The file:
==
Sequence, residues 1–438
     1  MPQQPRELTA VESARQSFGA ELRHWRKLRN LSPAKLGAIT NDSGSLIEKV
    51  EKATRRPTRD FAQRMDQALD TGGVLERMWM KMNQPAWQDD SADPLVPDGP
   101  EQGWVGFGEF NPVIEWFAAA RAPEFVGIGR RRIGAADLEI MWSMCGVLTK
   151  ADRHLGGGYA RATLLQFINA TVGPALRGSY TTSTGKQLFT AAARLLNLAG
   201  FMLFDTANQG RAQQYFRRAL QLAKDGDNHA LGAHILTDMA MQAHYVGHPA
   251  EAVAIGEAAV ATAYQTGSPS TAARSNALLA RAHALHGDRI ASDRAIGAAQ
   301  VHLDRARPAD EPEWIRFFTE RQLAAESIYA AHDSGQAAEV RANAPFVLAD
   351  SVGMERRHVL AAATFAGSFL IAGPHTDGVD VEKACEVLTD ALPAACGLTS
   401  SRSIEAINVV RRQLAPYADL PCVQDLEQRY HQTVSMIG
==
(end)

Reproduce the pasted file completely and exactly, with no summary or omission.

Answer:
Sequence, residues 1–438
     1  MPQQPRELTA VESARQSFGA ELRHWRKLRN LSPAKLGAIT NDSGSLIEKV
    51  EKATRRPTRD FAQRMDQALD TGGVLERMWM KMNQPAWQDD SADPLVPDGP
   101  EQGWVGFGEF NPVIEWFAAA RAPEFVGIGR RRIGAADLEI MWSMCGVLTK
   151  ADRHLGGGYA RATLLQFINA TVGPALRGSY TTSTGKQLFT AAARLLNLAG
   201  FMLFDTANQG RAQQYFRRAL QLAKDGDNHA LGAHILTDMA MQAHYVGHPA
   251  EAVAIGEAAV ATAYQTGSPS TAARSNALLA RAHALHGDRI ASDRAIGAAQ
   301  VHLDRARPAD EPEWIRFFTE RQLAAESIYA AHDSGQAAEV RANAPFVLAD
   351  SVGMERRHVL AAATFAGSFL IAGPHTDGVD VEKACEVLTD ALPAACGLTS
   401  SRSIEAINVV RRQLAPYADL PCVQDLEQRY HQTVSMIG